Want to boost your creative energy? Albert Einstein said, “Creativity is intelligence having fun.” Do you consider yourself a creative person? As a writer and creative entrepreneur, I’m always seeking ways to boost my creative energy.

Here are 6 unexpected ways I’ve found to amp up my energy and keep my creative energy going throughout the day.

1. Add butter to your coffee.coffee

I know this sounds weird, but it’s actually delicious. Dave Asprey popularized this idea with his Bulletproof coffee. He claims our bodies need healthy fats and that bulletproof will give you boundless morning energy. Celebrities such as Jeremy Piven and Shailene Woodley tout the benefits.

Asprey recommends using clean coffee beans and unsalted grass-fed butter. If the taste of butter in your coffee doesn’t sit well with you, try a small scoop of coconut oil.

2. Do 10 minutes of yoga.yoga

Practicing yoga has many health benefits, including increased flexibility, muscle strength and tone, weight reduction, and improved energy.

Add a quick yoga session to your morning routine. There are many yoga how-to videos on Youtube. I recommend starting with a 30-day challenge from DoYouYoga.com.

3. Write every morning.

As a writer, my priority every morning is to exercise my creativity by writing 1,000 words toward my latest project.

You don’t have to be a writer to get the benefits of morning writing. Try journaling a few pages in the morning. Write about anything. Is something bothering you? Use writing to get it out of your head and onto the pages. It’s a massive creative release.

Can’t think of what to write? Do a 10-minute brain dump onto the page. Start writing anything that comes into your head—your thoughts, worries, daydreams. Get it on the page, and you will feel an immediate release.

4. Practice daily affirmations.

I learned about daily affirmations from Scott Adams, creator of Dilbert. He repeated and wrote down a positive statement 15 times every day. His phrase was, “I, Scott Adams, will be a successful syndicated creative energycartoonist.”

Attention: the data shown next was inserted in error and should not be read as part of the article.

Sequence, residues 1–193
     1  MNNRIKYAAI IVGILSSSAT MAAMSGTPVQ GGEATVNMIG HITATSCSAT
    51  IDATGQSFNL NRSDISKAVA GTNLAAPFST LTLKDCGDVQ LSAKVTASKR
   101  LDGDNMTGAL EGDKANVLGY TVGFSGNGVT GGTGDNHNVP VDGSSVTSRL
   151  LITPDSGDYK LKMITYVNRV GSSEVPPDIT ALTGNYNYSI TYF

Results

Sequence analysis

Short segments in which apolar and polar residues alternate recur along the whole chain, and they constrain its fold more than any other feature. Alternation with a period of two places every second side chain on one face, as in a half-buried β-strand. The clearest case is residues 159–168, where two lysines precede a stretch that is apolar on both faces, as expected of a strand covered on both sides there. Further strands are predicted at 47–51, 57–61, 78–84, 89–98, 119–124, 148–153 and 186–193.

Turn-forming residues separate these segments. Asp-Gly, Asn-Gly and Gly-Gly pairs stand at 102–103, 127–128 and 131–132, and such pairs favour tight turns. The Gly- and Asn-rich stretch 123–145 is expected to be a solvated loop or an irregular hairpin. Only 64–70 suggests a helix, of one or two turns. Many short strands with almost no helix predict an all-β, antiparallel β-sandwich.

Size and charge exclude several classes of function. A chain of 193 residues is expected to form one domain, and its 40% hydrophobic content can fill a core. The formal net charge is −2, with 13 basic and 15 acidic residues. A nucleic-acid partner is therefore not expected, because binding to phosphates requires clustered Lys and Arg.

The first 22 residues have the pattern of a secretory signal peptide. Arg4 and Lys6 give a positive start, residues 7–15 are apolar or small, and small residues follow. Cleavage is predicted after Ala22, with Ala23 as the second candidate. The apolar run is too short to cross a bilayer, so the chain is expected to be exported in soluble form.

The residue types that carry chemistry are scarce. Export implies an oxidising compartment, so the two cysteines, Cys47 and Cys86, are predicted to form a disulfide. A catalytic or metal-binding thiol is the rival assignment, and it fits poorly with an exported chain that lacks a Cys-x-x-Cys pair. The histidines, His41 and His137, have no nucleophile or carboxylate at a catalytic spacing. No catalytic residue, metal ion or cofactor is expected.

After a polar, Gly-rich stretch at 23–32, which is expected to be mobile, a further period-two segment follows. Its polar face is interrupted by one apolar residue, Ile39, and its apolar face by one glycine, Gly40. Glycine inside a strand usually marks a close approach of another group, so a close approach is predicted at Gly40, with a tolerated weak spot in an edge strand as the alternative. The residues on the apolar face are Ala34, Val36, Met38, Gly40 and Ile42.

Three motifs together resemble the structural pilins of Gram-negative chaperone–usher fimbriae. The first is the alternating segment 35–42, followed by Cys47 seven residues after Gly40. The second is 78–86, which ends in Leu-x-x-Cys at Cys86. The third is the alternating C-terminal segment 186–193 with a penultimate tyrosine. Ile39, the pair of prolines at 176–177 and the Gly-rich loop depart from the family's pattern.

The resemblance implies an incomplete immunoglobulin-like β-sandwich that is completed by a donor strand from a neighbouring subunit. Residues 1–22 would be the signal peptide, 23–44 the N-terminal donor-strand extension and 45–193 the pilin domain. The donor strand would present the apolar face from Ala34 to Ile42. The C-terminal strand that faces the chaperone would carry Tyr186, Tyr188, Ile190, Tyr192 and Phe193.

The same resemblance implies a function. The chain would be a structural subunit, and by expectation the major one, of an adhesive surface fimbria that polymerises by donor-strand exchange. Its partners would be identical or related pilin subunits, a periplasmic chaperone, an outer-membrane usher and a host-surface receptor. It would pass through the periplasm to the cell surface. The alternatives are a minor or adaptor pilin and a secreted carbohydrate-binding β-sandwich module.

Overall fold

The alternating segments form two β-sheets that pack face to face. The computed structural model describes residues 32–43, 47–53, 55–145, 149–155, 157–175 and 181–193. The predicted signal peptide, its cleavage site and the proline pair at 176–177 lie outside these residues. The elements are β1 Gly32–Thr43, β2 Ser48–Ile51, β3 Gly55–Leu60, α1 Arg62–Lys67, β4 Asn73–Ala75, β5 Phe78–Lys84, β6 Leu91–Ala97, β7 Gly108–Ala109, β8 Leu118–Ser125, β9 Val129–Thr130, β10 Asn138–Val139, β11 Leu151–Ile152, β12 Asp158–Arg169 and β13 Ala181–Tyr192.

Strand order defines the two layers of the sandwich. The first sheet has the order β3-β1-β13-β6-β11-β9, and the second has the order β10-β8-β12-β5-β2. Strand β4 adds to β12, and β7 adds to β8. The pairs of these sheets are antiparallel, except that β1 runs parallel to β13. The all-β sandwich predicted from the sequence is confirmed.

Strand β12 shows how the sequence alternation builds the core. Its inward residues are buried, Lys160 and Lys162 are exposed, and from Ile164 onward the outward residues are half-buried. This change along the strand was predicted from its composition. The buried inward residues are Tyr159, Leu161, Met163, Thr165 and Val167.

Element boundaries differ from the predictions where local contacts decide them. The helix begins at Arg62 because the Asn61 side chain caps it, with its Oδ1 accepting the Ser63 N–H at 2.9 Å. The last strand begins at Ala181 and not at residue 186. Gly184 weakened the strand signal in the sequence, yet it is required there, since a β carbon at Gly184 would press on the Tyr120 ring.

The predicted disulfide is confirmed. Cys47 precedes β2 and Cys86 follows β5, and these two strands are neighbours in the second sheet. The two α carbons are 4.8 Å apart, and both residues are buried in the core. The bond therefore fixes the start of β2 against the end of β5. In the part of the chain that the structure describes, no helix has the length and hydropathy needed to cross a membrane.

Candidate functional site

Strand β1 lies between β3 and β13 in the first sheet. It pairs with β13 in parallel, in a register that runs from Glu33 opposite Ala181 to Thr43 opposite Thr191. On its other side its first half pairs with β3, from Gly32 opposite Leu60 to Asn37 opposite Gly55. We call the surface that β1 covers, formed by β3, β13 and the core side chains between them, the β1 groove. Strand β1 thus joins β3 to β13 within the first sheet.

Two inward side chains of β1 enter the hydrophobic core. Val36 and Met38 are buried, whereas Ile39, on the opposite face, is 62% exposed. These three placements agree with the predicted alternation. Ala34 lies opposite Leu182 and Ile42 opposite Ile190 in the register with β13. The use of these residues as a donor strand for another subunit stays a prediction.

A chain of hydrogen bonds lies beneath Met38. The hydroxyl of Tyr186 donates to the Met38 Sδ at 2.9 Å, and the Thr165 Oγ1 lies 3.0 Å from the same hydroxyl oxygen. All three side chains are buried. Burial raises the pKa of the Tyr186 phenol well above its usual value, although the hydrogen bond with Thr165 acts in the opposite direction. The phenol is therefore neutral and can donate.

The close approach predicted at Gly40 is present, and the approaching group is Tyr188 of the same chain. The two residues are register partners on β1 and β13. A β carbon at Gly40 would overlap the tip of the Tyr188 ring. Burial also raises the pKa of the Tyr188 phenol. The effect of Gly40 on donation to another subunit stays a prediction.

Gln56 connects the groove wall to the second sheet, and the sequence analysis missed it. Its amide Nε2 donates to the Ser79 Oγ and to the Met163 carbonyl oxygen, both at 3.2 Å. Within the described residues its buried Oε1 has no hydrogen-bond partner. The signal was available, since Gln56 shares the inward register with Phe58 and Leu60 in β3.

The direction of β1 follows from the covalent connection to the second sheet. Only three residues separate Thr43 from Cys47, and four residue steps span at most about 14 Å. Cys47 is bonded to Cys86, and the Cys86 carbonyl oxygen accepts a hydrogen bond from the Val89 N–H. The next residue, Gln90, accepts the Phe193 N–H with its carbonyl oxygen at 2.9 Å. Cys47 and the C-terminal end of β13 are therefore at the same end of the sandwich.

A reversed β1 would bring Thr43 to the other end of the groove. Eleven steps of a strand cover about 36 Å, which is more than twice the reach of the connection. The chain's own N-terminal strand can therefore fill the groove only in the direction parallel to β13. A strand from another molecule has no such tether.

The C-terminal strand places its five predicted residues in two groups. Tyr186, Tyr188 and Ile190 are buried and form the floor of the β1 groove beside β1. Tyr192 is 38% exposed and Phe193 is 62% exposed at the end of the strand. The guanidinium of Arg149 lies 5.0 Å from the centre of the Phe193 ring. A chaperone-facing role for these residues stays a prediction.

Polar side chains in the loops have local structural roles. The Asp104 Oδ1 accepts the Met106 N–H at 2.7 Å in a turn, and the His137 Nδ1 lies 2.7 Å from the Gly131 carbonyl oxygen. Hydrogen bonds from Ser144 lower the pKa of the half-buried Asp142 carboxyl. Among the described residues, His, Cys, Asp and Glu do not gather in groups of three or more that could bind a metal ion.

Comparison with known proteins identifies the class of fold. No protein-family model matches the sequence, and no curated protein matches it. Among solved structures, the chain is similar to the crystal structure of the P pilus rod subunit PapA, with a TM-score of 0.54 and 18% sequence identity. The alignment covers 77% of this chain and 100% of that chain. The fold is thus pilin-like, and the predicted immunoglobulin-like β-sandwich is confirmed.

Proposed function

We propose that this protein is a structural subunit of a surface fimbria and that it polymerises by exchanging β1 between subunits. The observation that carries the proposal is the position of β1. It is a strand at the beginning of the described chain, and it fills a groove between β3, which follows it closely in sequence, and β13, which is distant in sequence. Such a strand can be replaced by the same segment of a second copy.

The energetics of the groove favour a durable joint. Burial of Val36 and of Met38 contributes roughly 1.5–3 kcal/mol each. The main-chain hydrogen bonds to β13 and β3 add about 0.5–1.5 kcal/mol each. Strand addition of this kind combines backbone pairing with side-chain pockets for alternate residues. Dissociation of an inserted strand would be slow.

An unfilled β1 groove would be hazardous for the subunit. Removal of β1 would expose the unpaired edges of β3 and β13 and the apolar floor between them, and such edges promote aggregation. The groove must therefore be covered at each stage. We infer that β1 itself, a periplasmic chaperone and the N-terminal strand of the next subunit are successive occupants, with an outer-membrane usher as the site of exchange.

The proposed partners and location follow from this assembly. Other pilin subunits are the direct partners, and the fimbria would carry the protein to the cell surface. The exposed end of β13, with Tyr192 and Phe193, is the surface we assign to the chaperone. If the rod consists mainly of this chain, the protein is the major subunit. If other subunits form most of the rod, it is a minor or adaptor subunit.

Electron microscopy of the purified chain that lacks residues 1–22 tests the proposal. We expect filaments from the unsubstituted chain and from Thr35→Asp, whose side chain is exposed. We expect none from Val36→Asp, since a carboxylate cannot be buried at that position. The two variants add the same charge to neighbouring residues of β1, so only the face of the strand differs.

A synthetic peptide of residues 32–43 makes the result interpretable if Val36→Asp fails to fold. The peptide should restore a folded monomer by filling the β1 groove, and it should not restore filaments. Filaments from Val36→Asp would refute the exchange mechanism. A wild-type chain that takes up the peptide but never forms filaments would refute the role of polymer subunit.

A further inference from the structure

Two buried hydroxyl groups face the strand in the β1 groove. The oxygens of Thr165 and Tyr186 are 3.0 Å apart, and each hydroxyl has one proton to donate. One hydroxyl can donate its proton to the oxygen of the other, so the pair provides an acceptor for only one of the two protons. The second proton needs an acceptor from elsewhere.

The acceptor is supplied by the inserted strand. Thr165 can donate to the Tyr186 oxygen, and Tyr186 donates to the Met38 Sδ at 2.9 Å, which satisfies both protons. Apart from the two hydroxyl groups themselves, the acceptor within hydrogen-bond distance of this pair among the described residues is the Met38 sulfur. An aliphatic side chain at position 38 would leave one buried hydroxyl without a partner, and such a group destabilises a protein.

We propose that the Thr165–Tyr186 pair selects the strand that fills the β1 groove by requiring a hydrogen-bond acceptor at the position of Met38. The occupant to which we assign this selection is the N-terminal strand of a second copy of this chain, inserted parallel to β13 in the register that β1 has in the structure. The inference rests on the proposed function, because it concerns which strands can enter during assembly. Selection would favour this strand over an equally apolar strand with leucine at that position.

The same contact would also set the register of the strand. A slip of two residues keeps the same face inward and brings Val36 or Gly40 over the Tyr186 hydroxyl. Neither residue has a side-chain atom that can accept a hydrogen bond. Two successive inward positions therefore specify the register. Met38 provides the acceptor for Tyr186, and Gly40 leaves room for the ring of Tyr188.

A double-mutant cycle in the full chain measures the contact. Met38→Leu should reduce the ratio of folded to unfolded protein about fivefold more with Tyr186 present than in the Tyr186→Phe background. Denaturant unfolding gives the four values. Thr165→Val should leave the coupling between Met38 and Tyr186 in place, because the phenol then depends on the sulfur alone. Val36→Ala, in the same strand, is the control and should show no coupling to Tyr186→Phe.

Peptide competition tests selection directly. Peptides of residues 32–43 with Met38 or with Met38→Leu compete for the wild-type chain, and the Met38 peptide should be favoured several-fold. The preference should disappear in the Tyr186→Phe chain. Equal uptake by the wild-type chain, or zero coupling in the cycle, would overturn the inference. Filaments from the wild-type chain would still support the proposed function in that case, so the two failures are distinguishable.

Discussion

Adams says he’s gotten into some trouble admitting this technique because people think he believes in magic. He maintains that he was writing about the limits of perception, and also trying to entertain.

In my experience, affirmations are important because they help us focus on our goals. We’re training our brains to concentrate on the positive—where we want to go versus where we’ve been.

I keep several affirmative phrases in the notes section of my phone. I pull these up first thing each morning and repeat them to myself several times. When we continue repeating these powerful phrases, our brains start to believe the messages.

But things don’t happen by magic. Just because we make a statement doesn’t mean it will magically happen. We must back up our statements with action.

alcohol5. Reduce your alcohol consumption.

I love to drink wine, but the reality is that alcohol can be an energy enemy. Our tolerance to alcohol builds over time, so one drink a night becomes two a night to get the same buzzed effect.

In my experience, an alcohol detox every few weeks helps increase my energy. I’ll go 4-7 days without drinking and get a boost of energy during that time.

A study by the University of Chicago found that being slightly buzzed can actually increase your creative problem-solving.

Yet, when it comes to energy levels, alcohol is not your friend. Alcohol suppresses the release of the neurotransmitter glutamate, resulting in a slowdown of your brain’s energy levels. Anyone who’s ever woken with a hangover knows the detrimental impact of alcohol on our energy levels the next day.

6. Take a walk.walk

If you’re feeling drained, taking a walk can help boost creativity. Walking outside is even better, but any walking at all is good.

Why walking? Walking is good for our bodies. Too much sitting is harmful and has been linked with being overweight, type 2 diabetes, some types of cancer, and early death.

Studies show that our brains get more creative as we engage in physical activity. In fact, one Stanford study saw creative output increase by an average of 60% when participants walked.

So, when you need a boost, take a quick walk. Clear your head. If you can’t get outside, consider investing in a treadmill desk so you can walk and work.

I hope these ideas have helped you in some way to get a creative energy boost should you need one. What are other ways you’ve found to increase your creativity? Add your comment below.